Study of 1,200 young people in Brazil, Indonesia and South Africa shows that the negative impacts of weight-related stigma on mental health is not only a high-income-country issue
RESEARCH TRIANGLE PARK, N.C. — Weight-related stigma is adversely affecting adolescents in low- and middle-income countries, according to a new study from RTI International, a nonprofit research institute, and UNICEF that was recently published in the Journal of Global Health.
The first-ever study looking at how weight-related stigma impacts young people’s lives across several low- and middle-income countries found that stigma was reported most by young people who were affected by overweight and obesity, but being underweight was also associated with stigmatization.
In Brazil, 92.6% of female adolescents affected by overweight and obesity had experienced weight stigma, and in South Africa this proportion was 73.3%, compared to 75.9% of young males in Brazil and 64.7% in South Africa. In Indonesia, 53.8% of male adolescents affected by overweight and obesity reported weight stigma, compared to 46.2% of female adolescents.
Notable proportions of adolescents affected by underweight also reported receiving negative comments about their weight, including 45.7% of young women and 40.9% of young men in South Africa, and 56.3% of Indonesian young men and 37.3% of young women.
“Weight stigma is a well-recognized issue in high-income countries that adversely impacts the mental well-being of people of all ages, and actually undermines their capacity to undertake health-promoting practices,” said Angie Jackson-Morris, Ph.D., associate director in RTI’s Center for Global Noncommunicable Diseases and director for the project that undertook the research. “Unfortunately, this study confirms that it’s now a problem in low- and middle-income countries and that adolescents of all demographics are affected by it.”
According to the study – which included interviews with 1,200 young people aged 15-19 in Brazil, Indonesia and South Africa – weight-related stigma manifested in negative weight-related comments from schoolmates and family members in the majority of cases. Girls were subjected to more negative comments than boys, as well as those living in urban areas who reported receiving the most comments, but most adolescents were affected regardless of age, area and gender.
Furthermore, one in five respondents reported that negative weight-related comments adversely affected their mental health and described experiencing anxiety, depression, insecurity, self-doubt and low self-confidence in response. For some, such comments also negatively impacted their eating behavior.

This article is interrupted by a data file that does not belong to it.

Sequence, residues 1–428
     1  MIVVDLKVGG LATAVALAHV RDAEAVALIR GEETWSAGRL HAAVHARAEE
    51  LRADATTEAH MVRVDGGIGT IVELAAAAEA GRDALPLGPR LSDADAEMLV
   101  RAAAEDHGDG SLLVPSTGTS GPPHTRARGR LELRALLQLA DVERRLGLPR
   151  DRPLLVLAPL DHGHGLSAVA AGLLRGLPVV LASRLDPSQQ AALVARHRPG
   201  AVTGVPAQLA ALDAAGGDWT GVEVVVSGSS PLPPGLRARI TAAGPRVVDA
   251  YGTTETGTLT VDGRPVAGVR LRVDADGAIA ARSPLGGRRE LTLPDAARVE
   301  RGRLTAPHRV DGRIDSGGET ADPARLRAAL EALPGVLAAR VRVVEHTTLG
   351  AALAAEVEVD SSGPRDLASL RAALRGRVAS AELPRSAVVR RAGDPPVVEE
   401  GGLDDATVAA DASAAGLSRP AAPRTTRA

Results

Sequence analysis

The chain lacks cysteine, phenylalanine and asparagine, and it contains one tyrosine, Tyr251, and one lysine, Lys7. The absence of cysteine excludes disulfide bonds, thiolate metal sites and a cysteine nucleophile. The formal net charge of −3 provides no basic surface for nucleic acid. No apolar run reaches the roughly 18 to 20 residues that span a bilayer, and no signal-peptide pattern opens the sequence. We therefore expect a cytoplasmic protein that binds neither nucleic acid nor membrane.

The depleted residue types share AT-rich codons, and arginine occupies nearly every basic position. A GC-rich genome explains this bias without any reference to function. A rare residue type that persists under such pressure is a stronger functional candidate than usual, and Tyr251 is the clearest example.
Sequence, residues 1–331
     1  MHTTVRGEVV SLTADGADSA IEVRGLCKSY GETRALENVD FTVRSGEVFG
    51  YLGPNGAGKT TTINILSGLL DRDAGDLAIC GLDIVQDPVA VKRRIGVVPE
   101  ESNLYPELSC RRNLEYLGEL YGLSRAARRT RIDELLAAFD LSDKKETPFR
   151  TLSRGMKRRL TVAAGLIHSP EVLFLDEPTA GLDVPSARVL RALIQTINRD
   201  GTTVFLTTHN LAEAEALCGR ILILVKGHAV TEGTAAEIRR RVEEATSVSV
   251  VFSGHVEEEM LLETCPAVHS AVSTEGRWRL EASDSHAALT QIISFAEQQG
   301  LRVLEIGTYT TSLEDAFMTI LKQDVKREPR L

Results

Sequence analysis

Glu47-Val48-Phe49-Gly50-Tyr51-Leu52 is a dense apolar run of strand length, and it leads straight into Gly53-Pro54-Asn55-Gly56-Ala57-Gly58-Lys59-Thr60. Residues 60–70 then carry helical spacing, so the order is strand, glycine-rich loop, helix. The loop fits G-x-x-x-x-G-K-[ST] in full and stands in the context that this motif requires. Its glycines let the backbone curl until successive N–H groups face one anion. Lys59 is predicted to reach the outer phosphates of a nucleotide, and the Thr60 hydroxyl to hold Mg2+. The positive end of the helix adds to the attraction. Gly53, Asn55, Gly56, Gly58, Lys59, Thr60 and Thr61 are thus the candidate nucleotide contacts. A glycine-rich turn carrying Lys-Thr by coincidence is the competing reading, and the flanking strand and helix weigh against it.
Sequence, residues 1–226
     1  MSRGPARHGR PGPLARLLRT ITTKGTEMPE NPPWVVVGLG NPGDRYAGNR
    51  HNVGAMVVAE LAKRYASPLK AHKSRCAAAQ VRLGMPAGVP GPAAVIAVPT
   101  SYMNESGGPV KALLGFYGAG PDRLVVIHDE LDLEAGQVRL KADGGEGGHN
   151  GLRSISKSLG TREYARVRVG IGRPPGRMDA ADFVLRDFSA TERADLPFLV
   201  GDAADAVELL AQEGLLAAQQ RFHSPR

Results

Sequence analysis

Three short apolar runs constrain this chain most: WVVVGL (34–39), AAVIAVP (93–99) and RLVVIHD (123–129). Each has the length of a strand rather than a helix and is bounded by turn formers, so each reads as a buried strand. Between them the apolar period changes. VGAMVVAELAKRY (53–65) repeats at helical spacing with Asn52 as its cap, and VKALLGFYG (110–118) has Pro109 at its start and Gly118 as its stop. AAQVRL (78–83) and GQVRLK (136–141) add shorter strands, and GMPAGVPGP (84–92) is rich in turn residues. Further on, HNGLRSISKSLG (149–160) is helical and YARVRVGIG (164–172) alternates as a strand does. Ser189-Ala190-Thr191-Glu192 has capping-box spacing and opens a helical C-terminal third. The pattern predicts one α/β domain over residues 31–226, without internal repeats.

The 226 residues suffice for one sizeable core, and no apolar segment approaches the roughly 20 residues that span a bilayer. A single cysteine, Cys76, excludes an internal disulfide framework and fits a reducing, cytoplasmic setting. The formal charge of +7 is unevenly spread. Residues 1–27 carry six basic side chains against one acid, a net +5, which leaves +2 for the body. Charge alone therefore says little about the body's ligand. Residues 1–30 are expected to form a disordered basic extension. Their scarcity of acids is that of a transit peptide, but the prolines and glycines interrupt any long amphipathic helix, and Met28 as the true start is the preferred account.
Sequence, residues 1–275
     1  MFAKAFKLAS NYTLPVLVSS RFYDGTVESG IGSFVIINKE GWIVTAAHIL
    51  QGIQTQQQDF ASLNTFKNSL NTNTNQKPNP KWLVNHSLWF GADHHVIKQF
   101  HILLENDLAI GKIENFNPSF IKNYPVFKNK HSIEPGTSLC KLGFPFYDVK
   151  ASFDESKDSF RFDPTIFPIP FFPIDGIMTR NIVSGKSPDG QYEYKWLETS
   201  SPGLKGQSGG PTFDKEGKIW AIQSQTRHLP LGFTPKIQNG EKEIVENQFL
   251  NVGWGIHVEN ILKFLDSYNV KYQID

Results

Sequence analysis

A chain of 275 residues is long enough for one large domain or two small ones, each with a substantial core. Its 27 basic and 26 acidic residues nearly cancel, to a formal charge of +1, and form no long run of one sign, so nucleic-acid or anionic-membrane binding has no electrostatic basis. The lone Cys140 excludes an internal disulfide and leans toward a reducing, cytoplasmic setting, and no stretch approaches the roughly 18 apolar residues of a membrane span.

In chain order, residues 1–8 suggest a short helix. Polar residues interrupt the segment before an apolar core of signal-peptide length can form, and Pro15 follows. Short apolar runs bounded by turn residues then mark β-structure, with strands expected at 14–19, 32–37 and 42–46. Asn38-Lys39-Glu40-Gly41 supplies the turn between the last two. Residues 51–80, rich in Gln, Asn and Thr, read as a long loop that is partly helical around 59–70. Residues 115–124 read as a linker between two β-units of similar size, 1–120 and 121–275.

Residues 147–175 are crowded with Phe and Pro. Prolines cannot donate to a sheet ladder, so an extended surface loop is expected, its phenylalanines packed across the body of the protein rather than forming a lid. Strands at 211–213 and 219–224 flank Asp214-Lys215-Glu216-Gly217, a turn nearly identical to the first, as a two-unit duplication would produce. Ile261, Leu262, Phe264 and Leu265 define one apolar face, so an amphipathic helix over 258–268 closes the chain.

Adolescents surveyed for the study overwhelmingly believed that action should be taken to address weight stigma. Their recommendations included promoting a more inclusive model of health and body image in schools and making environments more supportive of healthy choices.
“Our research indicates that the growing pandemic of overweight and obesity among adolescents in low- and middle-income countries has devastating negative consequences in young people’s mental health – including anxiety and depression,” added Victor Aguayo, Ph.D., UNICEF Global Director for Child Nutrition and Development. “These findings emphasize the importance of preventing obesity from early childhood, supporting children to achieve and maintain a healthy weight, regulating children’s food environments, and promoting a more inclusive model of body image among school-age children and adolescents.”
Nearly 380 million children around the world are affected by overweight and obesity, 75% of whom live in low- and middle-income countries. A global rise in unhealthy food environments, where millions of children don’t have access to healthy food options that support their nutrition requirements for both good physical growth and mental well-being, is fueling this child rights crisis, according to UNICEF.
Focusing on the enabling environments in which children live, learn, eat, meet and play, UNICEF works with governments to prioritize actions for tackling childhood overweight and obesity by creating actions plans, allocating budgets, and designing, implementing and enforcing a core set of food environment regulatory policies in countries.
Related: RTI-led study finds economic impacts of overweight and obesity set to reach 3.3% of global GDP by 2060
About RTI International
RTI International is an independent, nonprofit research institute dedicated to improving the human condition. Clients rely on us to answer questions that demand an objective and multidisciplinary approach — one that integrates expertise across the social and laboratory sciences, engineering and international development. We believe in the promise of science, and we are inspired every day to deliver on that promise for the good of people, communities and businesses around the world. For more information, visit www.rti.org.
UNICEF works in some of the world’s toughest places, to reach the world’s most disadvantaged children. Across more than 190 countries and territories, we work for every child, everywhere, to build a better world for everyone. Follow UNICEF on Twitter, Facebook, Instagram and YouTube.